Transformers and other AI breakthroughs have shown state-of-the-art performance across different modalities
- Text-to-Text (OpenAI ChatGPT)
- Text-to-Image (Stable Diffusion)
- Image-to-Text (Open AI CLIP)
- Speech-to-Text (OpenAI Whisper)
- Text-to-Speech (Meta’s Massively Multilingual Speech)
- Image-to-Image (img2img or pix2pix)
- Text-to-Audio (Meta MusicGen)
- Text-to-Code (OpenAI Codex / GitHub Copilot)
- Code-to-Text (ChatGPT, etc.)
The next frontier in AI is combining these modalities in interesting ways. Explain what’s happening in a photo. Debug a program with your voice. Generate music from an image. There’s still technical work to be done with combining these modalities, but the greatest challenge is not a technical one but a user experience one.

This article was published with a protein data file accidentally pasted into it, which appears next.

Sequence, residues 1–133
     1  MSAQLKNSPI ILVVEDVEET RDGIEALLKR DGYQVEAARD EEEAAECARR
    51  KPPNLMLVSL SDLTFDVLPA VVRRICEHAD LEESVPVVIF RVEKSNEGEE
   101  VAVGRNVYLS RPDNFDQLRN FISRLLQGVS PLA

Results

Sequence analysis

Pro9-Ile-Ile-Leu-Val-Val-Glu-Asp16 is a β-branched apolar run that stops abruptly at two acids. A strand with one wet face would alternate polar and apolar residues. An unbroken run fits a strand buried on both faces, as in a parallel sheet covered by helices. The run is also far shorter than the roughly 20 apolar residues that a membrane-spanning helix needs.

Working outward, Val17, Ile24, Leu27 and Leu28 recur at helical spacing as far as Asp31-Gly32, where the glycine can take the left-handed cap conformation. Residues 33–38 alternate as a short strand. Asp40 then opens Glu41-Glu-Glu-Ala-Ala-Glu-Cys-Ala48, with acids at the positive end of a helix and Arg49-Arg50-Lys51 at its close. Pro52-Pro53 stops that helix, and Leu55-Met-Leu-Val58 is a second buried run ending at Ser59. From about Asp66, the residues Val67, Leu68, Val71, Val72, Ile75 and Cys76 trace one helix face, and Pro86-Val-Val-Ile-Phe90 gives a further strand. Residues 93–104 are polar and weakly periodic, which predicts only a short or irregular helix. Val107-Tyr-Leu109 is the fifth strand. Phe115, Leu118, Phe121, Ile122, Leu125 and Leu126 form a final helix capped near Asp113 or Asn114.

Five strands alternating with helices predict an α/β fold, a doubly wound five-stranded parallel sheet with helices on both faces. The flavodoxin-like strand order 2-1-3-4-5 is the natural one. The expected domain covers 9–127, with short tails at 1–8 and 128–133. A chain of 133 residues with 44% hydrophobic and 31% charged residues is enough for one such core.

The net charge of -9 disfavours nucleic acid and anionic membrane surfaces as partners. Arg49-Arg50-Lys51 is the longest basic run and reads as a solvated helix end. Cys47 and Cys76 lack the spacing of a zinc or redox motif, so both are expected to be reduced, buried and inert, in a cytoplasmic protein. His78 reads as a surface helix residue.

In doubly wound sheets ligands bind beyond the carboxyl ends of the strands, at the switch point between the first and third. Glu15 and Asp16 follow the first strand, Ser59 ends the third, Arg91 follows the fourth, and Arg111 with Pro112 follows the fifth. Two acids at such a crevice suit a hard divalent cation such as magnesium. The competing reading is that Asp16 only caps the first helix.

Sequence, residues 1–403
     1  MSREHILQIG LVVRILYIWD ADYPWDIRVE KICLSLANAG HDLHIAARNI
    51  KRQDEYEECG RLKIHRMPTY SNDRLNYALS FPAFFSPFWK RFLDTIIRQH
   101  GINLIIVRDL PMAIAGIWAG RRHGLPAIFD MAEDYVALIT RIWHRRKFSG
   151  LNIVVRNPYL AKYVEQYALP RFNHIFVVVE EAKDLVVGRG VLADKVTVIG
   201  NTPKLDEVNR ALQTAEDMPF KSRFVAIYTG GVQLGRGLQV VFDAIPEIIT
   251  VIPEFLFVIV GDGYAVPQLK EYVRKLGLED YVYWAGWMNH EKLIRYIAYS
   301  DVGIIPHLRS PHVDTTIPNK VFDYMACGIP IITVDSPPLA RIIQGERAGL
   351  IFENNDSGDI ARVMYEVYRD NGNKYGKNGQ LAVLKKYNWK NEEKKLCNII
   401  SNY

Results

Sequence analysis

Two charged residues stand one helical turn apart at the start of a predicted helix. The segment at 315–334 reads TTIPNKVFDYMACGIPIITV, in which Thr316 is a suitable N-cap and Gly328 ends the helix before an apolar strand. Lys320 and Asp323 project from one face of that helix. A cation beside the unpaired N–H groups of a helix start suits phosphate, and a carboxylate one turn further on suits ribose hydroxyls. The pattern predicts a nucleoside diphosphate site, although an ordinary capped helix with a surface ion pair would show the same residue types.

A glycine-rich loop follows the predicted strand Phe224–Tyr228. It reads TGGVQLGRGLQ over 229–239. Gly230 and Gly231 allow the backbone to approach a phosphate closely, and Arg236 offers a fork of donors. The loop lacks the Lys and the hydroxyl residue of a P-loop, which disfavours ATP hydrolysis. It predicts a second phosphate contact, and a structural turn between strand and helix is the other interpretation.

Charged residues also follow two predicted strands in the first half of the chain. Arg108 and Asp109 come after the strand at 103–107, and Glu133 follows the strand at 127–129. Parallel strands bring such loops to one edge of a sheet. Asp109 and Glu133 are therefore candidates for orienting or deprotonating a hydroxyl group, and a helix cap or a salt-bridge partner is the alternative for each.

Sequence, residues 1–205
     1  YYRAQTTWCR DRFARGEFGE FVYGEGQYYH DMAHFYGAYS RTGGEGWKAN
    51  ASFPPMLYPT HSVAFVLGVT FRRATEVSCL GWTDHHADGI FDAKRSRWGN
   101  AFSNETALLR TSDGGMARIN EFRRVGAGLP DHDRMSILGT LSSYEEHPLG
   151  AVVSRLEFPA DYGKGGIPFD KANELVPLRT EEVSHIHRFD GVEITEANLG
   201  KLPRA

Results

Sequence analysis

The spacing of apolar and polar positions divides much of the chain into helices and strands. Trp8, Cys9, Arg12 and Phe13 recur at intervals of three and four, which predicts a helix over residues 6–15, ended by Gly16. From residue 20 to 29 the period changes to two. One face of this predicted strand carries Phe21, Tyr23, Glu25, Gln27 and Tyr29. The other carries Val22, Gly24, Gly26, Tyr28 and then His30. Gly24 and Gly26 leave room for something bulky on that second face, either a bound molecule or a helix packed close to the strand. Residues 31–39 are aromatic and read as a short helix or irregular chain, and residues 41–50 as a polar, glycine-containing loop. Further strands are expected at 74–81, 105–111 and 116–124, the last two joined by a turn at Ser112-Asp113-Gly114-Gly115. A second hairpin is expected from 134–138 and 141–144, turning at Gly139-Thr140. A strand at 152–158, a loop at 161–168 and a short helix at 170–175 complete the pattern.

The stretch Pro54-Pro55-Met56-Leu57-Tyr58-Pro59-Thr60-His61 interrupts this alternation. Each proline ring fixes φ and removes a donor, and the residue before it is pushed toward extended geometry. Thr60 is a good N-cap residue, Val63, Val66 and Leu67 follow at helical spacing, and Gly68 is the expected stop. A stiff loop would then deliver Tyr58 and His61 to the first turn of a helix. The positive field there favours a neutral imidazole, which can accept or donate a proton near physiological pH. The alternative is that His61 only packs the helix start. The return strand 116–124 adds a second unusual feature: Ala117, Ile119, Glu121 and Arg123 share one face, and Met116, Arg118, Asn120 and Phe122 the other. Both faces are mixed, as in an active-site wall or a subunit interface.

What is the right UX for these use cases?
Chat isn’t always the best interface for tasks — although it’s one of the most intuitive, especially when users are being introduced to new technology (why does every AI cycle start with chat?). Sticking images, audio, and other modalities in a chat interface can get confusing very quickly. It’s why technologies like Jupyter Notebooks (which combine markup, graphs, and code in the same interface) are so polarizing. Great for many exploratory tasks, but master of none.
There’s a huge opportunity in the UX layer for integrating these different modalities. How do we best present these different types of outputs to users — audio, text, images, or code? How do we allow users to iterate on these models and provide feedback (e.g., what does it mean to fine-tune a multimodal model)?